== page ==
About Kernel Documentation Linux Kernel Contact Linux Resources Linux Blog

Documentation / RCU / lockdep-splat.txt




Custom Search

Based on kernel version 3.15.4. Page generated on 2014-07-07 09:04 EST.

1	Lockdep-RCU was added to the Linux kernel in early 2010
2	(http://lwn.net/Articles/371986/).  This facility checks for some common
3	misuses of the RCU API, most notably using one of the rcu_dereference()
4	family to access an RCU-protected pointer without the proper protection.
5	When such misuse is detected, an lockdep-RCU splat is emitted.
6	
7	The usual cause of a lockdep-RCU slat is someone accessing an
8	RCU-protected data structure without either (1) being in the right kind of
9	RCU read-side critical section or (2) holding the right update-side lock.
10	This problem can therefore be serious: it might result in random memory
11	overwriting or worse.  There can of course be false positives, this
12	being the real world and all that.
13	
14	So let's look at an example RCU lockdep splat from 3.0-rc5, one that
15	has long since been fixed:
16	
17	===============================
18	[ INFO: suspicious RCU usage. ]
19	-------------------------------
20	block/cfq-iosched.c:2776 suspicious rcu_dereference_protected() usage!
21	
22	other info that might help us debug this:
23	
24	
25	rcu_scheduler_active = 1, debug_locks = 0
26	3 locks held by scsi_scan_6/1552:
27	 #0:  (&shost->scan_mutex){+.+.+.}, at: [<ffffffff8145efca>]
28	scsi_scan_host_selected+0x5a/0x150
29	 #1:  (&eq->sysfs_lock){+.+...}, at: [<ffffffff812a5032>]
30	elevator_exit+0x22/0x60
31	 #2:  (&(&q->__queue_lock)->rlock){-.-...}, at: [<ffffffff812b6233>]
32	cfq_exit_queue+0x43/0x190
33	
34	stack backtrace:
35	Pid: 1552, comm: scsi_scan_6 Not tainted 3.0.0-rc5 #17
36	Call Trace:
37	 [<ffffffff810abb9b>] lockdep_rcu_dereference+0xbb/0xc0
38	 [<ffffffff812b6139>] __cfq_exit_single_io_context+0xe9/0x120
39	 [<ffffffff812b626c>] cfq_exit_queue+0x7c/0x190
40	 [<ffffffff812a5046>] elevator_exit+0x36/0x60
41	 [<ffffffff812a802a>] blk_cleanup_queue+0x4a/0x60
42	 [<ffffffff8145cc09>] scsi_free_queue+0x9/0x10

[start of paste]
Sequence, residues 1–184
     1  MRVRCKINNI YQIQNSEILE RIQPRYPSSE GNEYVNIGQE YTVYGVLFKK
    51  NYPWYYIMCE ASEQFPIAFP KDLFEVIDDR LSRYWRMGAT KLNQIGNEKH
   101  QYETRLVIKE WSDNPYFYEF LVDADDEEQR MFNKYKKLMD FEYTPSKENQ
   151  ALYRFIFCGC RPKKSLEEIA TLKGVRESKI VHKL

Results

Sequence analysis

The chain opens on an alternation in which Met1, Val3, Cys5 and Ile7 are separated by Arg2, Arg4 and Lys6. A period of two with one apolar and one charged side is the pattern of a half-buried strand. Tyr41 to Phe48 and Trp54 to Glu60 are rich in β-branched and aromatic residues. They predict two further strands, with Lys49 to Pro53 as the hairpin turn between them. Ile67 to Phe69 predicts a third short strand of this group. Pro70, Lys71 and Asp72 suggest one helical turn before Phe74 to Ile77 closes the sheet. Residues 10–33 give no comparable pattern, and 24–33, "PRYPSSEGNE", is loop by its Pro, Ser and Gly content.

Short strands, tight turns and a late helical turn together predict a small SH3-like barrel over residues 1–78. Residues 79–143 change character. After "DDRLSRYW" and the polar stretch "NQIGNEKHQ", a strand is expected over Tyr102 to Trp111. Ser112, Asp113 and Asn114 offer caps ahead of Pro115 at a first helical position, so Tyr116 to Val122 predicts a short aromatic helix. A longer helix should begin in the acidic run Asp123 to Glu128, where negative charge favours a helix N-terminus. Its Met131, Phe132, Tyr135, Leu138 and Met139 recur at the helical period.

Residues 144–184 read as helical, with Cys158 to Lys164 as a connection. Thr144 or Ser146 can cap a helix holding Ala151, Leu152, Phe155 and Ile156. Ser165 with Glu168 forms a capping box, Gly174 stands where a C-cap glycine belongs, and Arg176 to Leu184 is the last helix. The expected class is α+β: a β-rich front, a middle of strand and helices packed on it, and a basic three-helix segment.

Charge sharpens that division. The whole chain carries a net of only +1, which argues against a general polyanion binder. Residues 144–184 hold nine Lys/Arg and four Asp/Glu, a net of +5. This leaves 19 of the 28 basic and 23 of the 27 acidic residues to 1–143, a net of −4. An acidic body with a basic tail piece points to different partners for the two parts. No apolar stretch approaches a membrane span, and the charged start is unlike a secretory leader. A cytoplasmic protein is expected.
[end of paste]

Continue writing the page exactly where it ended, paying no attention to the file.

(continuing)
43	 [<ffffffff81460944>] __scsi_remove_device+0x84/0xd0
44	 [<ffffffff8145dca3>] scsi_probe_and_add_lun+0x353/0xb10
45	 [<ffffffff817da069>] ? error_exit+0x29/0xb0
46	 [<ffffffff817d98ed>] ? _raw_spin_unlock_irqrestore+0x3d/0x80
47	 [<ffffffff8145e722>] __scsi_scan_target+0x112/0x680
48	 [<ffffffff812c690d>] ? trace_hardirqs_off_thunk+0x3a/0x3c
49	 [<ffffffff817da069>] ? error_exit+0x29/0xb0
50	 [<ffffffff812bcc60>] ? kobject_del+0x40/0x40
51	 [<ffffffff8145ed16>] scsi_scan_channel+0x86/0xb0
52	 [<ffffffff8145f0b0>] scsi_scan_host_selected+0x140/0x150
53	 [<ffffffff8145f149>] do_scsi_scan_host+0x89/0x90
54	 [<ffffffff8145f170>] do_scan_async+0x20/0x160
55	 [<ffffffff8145f150>] ? do_scsi_scan_host+0x90/0x90
56	 [<ffffffff810975b6>] kthread+0xa6/0xb0
57	 [<ffffffff817db154>] kernel_thread_helper+0x4/0x10
58	 [<ffffffff81066430>] ? finish_task_switch+0x80/0x110
59	 [<ffffffff817d9c04>] ? retint_restore_args+0xe/0xe
60	 [<ffffffff81097510>] ? __init_kthread_worker+0x70/0x70
61	 [<ffffffff817db150>] ? gs_change+0xb/0xb
62	
63	Line 2776 of block/cfq-iosched.c in v3.0-rc5 is as follows:
64	
65		if (rcu_dereference(ioc->ioc_data) == cic) {
66	
67	This form says that it must be in a plain vanilla RCU read-side critical
68	section, but the "other info" list above shows that this is not the
69	case.  Instead, we hold three locks, one of which might be RCU related.
70	And maybe that lock really does protect this reference.  If so, the fix
71	is to inform RCU, perhaps by changing __cfq_exit_single_io_context() to
72	take the struct request_queue "q" from cfq_exit_queue() as an argument,
73	which would permit us to invoke rcu_dereference_protected as follows:
74	
75		if (rcu_dereference_protected(ioc->ioc_data,
76					      lockdep_is_held(&q->queue_lock)) == cic) {
77	
78	With this change, there would be no lockdep-RCU splat emitted if this
79	code was invoked either from within an RCU read-side critical section
80	or with the ->queue_lock held.  In particular, this would have suppressed
81	the above lockdep-RCU splat because ->queue_lock is held (see #2 in the
82	list above).
83	
84	On the other hand, perhaps we really do need an RCU read-side critical
85	section.  In this case, the critical section must span the use of the
86	return value from rcu_dereference(), or at least until there is some
87	reference count incremented or some such.  One way to handle this is to
88	add rcu_read_lock() and rcu_read_unlock() as follows:
89	
90		rcu_read_lock();
91		if (rcu_dereference(ioc->ioc_data) == cic) {
92			spin_lock(&ioc->lock);
93			rcu_assign_pointer(ioc->ioc_data, NULL);
94			spin_unlock(&ioc->lock);
95		}
96		rcu_read_unlock();
97	
98	With this change, the rcu_dereference() is always within an RCU
99	read-side critical section, which again would have suppressed the
100	above lockdep-RCU splat.
101	
102	But in this particular case, we don't actually deference the pointer
103	returned from rcu_dereference().  Instead, that pointer is just compared
104	to the cic pointer, which means that the rcu_dereference() can be replaced
105	by rcu_access_pointer() as follows:
106	
107		if (rcu_access_pointer(ioc->ioc_data) == cic) {
108	
109	Because it is legal to invoke rcu_access_pointer() without protection,
110	this change would also suppress the above lockdep-RCU splat.
Hide Line Numbers
About Kernel Documentation Linux Kernel Contact Linux Resources Linux Blog

Information is copyright its respective author. All material is available from the Linux Kernel Source distributed under a GPL License. This page is provided as a free service by mjmwired.net.